Thursday, August 28, 2014


The media are finally onto an issue about which I have been fretting for several years: the growing number of Americans killed by cops. Have I been ahead of the curve, aware of an emerging social problem which others are only now beginning to recognize?

This is a sensitive subject. I want to tread carefully and present a nuanced perspective. I hope that you read on before you jump to the conclusion that I am a knee-jerk, left-wing cop hater.

No doubt the high-profile killing of Michael Brown by officer Darren Wilson in Ferguson, MO has much to do with increasing public awareness of this problem.

Of course, there are several intertwined issues here: bad race relations, economic injustice, the ever greater number of weapons in circulation, the public’s rightward move and its growing repressive tendencies (for example, twice as many people favor capital punishment now than  two generations ago). But today, I want to focus on just one aspect of this complicated problem: the growing number of Americans killed by law enforcement.

When a society becomes more repressive, the agency which is charged with implementing the new attitude is the police. If cops kill more citizens, wouldn’t that be prima facie evidence that a majority of Americans support this? Michael Brown is not an isolated case. It is estimated that the police kill over 1,000 Americans every year. (See Sacramento Bee editorial, Aug. 24, ‘14).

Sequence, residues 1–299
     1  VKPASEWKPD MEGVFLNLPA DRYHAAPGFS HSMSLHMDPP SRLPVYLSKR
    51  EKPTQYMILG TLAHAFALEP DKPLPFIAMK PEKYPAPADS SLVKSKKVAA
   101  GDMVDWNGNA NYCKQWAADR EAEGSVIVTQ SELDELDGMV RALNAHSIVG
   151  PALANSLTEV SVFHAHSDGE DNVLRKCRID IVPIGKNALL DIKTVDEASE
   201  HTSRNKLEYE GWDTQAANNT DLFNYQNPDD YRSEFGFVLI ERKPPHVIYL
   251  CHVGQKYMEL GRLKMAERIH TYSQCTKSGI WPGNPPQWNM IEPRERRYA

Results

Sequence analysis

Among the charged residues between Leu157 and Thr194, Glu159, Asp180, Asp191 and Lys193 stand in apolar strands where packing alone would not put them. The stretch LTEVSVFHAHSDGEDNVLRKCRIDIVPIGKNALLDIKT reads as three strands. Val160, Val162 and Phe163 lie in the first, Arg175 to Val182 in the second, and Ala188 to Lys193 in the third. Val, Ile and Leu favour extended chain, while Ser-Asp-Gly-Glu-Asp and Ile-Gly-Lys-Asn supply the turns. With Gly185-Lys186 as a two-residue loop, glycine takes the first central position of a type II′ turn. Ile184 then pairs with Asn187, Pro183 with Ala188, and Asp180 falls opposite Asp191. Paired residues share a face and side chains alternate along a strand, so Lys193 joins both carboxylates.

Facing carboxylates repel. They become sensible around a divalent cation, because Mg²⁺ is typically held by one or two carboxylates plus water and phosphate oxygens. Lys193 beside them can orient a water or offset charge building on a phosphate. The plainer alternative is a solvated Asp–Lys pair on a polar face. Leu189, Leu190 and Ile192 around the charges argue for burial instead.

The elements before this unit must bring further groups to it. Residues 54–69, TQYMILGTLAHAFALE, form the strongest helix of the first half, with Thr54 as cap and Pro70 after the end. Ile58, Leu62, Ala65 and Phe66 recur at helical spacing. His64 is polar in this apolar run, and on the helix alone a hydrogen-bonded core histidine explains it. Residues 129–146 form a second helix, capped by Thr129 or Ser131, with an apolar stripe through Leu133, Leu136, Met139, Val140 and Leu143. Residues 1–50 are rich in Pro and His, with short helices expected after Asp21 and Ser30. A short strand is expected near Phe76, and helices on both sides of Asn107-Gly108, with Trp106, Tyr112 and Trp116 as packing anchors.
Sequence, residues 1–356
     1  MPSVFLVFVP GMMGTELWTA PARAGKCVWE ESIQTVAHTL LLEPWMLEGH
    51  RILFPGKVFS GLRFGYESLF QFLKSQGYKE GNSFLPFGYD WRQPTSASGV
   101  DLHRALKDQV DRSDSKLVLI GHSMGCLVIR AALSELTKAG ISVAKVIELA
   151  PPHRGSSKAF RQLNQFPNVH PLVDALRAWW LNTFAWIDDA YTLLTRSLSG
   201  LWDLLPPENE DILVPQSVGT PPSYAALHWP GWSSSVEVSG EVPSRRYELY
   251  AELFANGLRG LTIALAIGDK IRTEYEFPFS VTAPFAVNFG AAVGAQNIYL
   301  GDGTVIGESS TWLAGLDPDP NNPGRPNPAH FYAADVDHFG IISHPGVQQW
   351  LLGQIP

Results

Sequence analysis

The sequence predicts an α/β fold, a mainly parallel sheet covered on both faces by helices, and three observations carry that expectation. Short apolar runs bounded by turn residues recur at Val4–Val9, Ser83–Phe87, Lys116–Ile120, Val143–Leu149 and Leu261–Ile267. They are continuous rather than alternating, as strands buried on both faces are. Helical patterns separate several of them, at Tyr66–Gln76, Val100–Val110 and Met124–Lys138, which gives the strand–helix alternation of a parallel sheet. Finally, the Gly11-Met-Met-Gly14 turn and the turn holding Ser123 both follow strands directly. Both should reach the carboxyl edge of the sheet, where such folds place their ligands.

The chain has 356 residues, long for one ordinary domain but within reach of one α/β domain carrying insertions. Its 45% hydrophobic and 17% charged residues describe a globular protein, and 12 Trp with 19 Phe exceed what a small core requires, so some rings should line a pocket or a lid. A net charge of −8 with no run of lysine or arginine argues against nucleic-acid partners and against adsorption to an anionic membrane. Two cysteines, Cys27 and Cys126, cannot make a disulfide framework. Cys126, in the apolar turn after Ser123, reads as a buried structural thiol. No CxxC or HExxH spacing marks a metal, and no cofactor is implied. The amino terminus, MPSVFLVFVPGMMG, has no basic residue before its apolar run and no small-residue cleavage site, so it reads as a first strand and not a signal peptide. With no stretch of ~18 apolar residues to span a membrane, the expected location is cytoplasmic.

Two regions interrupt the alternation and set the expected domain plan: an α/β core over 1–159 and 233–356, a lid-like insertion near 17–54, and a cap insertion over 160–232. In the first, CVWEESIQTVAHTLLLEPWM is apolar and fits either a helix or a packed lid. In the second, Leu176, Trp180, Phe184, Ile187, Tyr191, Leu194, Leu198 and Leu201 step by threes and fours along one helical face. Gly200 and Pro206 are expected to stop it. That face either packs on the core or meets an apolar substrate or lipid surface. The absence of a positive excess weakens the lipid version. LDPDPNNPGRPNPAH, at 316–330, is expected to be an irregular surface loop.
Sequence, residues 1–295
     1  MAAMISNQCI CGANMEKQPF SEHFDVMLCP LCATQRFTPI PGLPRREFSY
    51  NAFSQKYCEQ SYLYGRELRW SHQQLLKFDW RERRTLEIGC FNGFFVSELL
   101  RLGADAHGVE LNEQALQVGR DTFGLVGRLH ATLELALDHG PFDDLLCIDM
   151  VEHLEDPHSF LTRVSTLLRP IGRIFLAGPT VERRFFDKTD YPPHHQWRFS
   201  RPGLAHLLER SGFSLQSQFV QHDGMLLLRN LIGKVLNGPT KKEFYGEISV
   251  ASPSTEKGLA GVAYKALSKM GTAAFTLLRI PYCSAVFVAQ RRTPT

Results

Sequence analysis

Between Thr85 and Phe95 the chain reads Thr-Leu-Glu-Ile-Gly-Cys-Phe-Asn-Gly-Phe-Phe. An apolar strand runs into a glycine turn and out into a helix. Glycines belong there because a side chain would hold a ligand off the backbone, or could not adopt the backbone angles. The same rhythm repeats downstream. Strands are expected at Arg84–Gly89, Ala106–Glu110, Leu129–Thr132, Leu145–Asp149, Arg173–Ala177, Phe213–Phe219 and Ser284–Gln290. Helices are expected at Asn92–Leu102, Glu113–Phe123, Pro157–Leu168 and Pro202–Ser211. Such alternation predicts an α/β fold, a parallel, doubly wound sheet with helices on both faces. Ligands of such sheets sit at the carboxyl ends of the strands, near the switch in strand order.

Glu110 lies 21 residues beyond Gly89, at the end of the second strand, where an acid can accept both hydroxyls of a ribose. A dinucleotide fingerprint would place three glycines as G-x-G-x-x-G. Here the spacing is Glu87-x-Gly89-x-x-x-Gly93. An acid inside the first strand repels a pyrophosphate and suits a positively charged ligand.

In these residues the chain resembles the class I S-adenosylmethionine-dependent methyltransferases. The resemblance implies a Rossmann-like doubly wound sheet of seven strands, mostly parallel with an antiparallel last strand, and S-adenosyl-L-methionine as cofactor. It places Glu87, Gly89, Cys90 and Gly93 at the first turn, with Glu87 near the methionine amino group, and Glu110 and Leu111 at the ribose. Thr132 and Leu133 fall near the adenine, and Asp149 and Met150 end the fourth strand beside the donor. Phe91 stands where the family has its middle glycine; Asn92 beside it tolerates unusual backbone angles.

I hope (and still believe) that a majority of these killings fall into the categories of “justifiable use of deadly force” and “suicide by cop,” and that only a minority of the cases are “murders by cop.”

Nor do I know how many of the dead are black or white, rich or poor. I venture to guess that not very many of them are rich white guys. However, the fact that those killed are by no means all black suggests that the problem transcends race.

And of course, who do we call first the moment we face the slightest problem? 911; The police! We ALL do it - conservatives and liberals; black people and white people; We call the police when we get into an accident and when we get burglarized or mugged, and some call 911 when they have a sore tooth. It would be wrong to deny that society requires a robust police force.

However, the growing use of lethal force by the police is worrisome. As a professor of criminology for several decades, I have used the FBI’s Uniform Crime Reports assiduously. The report, published annually by the Department of Justice, has been my bible, so to speak. It meticulously compiles and publishes all the important crime statistics for the entire nation, as well as data pertaining to law enforcement, for example the number of peace officers killed in the line of duty. But it does NOT provide any information about the number of Americans killed by policemen. This is scandalous.

The growing violence between the police and the community should be deplored by both sides. Should cops not oppose the growing number of weapons in the hands of the populace? Would it not be logical for law enforcement and the NRA to be mortal enemies?